This is a sort of follow up to Locating the source of a fiber glass smell, or finding wet, dirty fiberglass insulation? (in that I believe the mice from here are managing to climb up the interior walls and nest in the first floor ceiling).

I set up some cameras in the garage, and have caught many instances of mice moving around. Here is one and a second [seems like I cannot upload them directly here since they are videos.)

I have attached a picture below with locations they are traversing. The red arrows indicate places they are entering/exiting the actual house from. The blue arrows indicate areas they are traversing (there is a significant space between the steel beam and the brick "wall", so they can pass right behind it).

The bundle of wires at right will (mostly) be removed - they are for an old lighting system that the former owner installed which no longer exists. A single twisted pair of wires will remain, for the dogs invisible fence.

Do you have any suggestions what I can fill this area with to prevent these mouse escapades? I would like to use spray foam, but I understand they'll chew through it. I would really like a "spray cement."

enter image description here

  • 2
    a sandwich of spray foam and steel wool should plug things up.
    – dandavis
    Commented Mar 28, 2022 at 12:34
  • @dandavis I like it - just to be clear, the steel wool goes into the holes first, then the spray foam. How do I stop the mice from pulling out the steel wool?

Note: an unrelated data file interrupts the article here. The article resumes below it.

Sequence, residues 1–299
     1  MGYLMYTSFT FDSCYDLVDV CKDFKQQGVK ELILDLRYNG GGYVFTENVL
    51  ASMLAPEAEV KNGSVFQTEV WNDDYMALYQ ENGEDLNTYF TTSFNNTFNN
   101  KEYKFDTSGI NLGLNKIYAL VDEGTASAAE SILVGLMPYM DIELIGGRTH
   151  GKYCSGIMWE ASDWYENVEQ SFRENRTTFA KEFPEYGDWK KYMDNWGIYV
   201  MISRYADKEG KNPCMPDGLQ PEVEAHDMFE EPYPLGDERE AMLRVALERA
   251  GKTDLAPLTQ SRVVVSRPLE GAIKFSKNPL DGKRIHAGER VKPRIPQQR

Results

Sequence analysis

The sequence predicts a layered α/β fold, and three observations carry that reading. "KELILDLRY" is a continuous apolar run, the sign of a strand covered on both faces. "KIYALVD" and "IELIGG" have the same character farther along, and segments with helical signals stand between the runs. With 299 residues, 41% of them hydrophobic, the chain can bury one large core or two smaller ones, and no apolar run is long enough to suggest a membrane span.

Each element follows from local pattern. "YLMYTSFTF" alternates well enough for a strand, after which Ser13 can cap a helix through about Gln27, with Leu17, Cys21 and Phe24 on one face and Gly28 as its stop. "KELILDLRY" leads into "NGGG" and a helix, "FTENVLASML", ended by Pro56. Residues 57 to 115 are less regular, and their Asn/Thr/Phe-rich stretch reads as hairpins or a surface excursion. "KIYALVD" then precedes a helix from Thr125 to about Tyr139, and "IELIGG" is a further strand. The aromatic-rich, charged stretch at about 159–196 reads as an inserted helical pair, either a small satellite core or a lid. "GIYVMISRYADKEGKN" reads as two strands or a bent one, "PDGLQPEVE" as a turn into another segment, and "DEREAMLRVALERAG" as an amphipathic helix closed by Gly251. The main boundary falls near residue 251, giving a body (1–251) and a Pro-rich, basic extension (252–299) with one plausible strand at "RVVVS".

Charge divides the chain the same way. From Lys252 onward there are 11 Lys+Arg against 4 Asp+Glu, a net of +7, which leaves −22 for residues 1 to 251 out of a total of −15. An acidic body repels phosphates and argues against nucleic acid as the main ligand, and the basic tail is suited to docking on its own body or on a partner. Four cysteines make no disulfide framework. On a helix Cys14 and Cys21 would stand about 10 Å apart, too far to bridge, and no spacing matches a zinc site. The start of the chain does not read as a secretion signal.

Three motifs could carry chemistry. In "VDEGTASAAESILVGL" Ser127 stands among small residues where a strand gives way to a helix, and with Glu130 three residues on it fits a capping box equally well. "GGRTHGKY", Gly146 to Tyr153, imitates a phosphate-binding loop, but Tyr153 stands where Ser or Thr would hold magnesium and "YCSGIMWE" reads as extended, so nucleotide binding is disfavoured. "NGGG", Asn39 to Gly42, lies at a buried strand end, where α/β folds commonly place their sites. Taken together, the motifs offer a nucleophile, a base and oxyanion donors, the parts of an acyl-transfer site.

– negacao
    Commented Mar 28, 2022 at 12:40
  • 1
    mice don't like to chew on steel wool, the foam keeps it in place. The other thing is that mice find the holes because of air movement, seal the leaks, they will be less likely to try to come in.
    – DaveM
    Commented Mar 28, 2022 at 12:41
  • 1
    You can leave a half-full bottle of vegetable oil open up there to clear out the mice; they crawl up and in to get the yummy grease, then get all slippery and stuck, eventually drowning. Discovered that in a painted-shut cabinet when I bought my house...
    – dandavis
    Commented Mar 28, 2022 at 12:52
  • 1
    Can you just apply some extra mortar? It looks like you've already got the holes plugged up from the image.
    – TylerH
    Commented Mar 28, 2022 at 17:50

2 Answers 2


Probably want metal flashing, but the best solution is to seal up all holes(1/4 inch and bigger ) to prevent them from coming into the house.

Will also need to get rid of all that are in the house now, you are only seeing part of them.

Contacting a pest control company in your area is a good idea.

  • I actually just sent one (pest control company) a message. I like the idea of flashing, but how do I seal up all holes (e.g. what material do I put in the actual holes)?
    – negacao
    Commented Mar 28, 2022 at 11:47
  • (and yes, the problem is much larger than the few mice I've seen on video. I suspect it's going to end up with hiring someone to remove the drywall from a few walls and ceiling, clean up all the inevitable mouse shit and corpses, replace the insulation and then put new drywall up.)
    – negacao
    Commented Mar 28, 2022 at 11:49

Copper wool/mesh is sold to plug small rodent holes. Steel wool rusts. Larger holes including slits and rectanguar openings can be fitted with 1/4 inch galvanized steel mesh (hardware cloth) and then spray foam.

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